After two months the travellers reached the great falls of the
Missouri River. Here they had to leave the water, and carry their
boats overland until they arrived above the rapids. It was no
easy matter and they were all by this time worn and weary. So they
camped for a few days, and made a rough sort of cart on which to
carry the boats. For they were too worn out to carry them on their
shoulders. But the way was so rough that long before the end of
the journey the cart broke down.
Then began a most painful march. The country was covered with
prickly pear, and the thorns of it pierced the men's moccasins and
wounded their feet. The sun was so hot that they had to rest every
few minutes, and they were so tired that they fell asleep at every
stopping place. Yet there were no grumblers, and in spite of the
hard-  ships they went on cheerfully, and after ten days' hard
work they were above the rapids.
They were now right among the Rocky Mountains. These they crossed,
and after many more adventures, dangers and hardships at last—on
the 8th of November—they arrived within sight of the Pacific.
"Great joy in the camp," wrote Lewis. "We are in view of the ocean,
this great Pacific Ocean, which we have been so long anxious to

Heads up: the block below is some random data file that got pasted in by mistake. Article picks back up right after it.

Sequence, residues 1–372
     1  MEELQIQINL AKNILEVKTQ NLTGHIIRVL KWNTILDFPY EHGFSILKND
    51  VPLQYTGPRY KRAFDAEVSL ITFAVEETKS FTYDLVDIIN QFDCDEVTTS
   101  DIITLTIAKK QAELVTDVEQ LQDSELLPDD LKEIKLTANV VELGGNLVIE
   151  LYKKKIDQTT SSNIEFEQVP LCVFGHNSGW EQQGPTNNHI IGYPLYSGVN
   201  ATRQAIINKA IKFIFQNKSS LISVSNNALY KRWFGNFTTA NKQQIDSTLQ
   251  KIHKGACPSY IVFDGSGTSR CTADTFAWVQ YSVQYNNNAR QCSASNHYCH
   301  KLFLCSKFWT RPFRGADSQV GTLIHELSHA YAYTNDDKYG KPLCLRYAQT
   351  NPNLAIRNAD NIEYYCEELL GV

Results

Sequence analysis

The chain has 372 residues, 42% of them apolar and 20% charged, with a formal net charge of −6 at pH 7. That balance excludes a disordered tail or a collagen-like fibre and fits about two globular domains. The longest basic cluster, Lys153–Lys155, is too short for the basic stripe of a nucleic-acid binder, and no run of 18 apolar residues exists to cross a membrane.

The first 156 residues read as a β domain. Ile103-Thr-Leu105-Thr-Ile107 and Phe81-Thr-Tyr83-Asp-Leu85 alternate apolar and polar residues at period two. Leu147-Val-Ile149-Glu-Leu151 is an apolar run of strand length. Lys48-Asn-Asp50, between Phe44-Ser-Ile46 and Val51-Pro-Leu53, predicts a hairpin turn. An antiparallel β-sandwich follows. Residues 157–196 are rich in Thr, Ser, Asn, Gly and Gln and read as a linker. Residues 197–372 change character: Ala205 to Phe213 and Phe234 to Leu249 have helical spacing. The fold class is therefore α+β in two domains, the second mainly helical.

Having at length reached the Columbia River the travellers sailed
down it to its mouth, and so reached the shores of the Pacific and
the end of their journey.
They spent the winter on the Pacific coast and towards the end of
March set out again on their homeward way. The return journey was
almost as full of hardships and dangers as the outward one had
been. But all were safely overcome and on the 20th of September
the explorers arrived once more at St. Louis whence they had set
out more than two years before.
Every one was delighted to see them back. They were also surprised,
for the whole expedition had long ago been given up as lost. But
far from being lost every man of them returned except one who had
died not long after they had left St. Louis.
Since they set out, these bold adventurers had marched nine thousand
miles over barren deserts, across snow-topped mountains, through
wildernesses yet untrodden by the foot of any white man. They had
passed among savage and unknown tribes, and kept peace with them.
They had braved a thousand dangers, and had returned triumphant over
them all. The great journey from sea to sea had been accomplished,
and the door into the Far West opened.
Other travellers and explorers trod fast upon the heels of Lewis
and Clark. Hunters, and fur-traders, and settlers
 followed them,
and bit by bit the West became known and peopled. But in the story
of that growth the names of Merriwether Lewis and William Clark
will always be first, for it was they who threw open the door into
the Far West.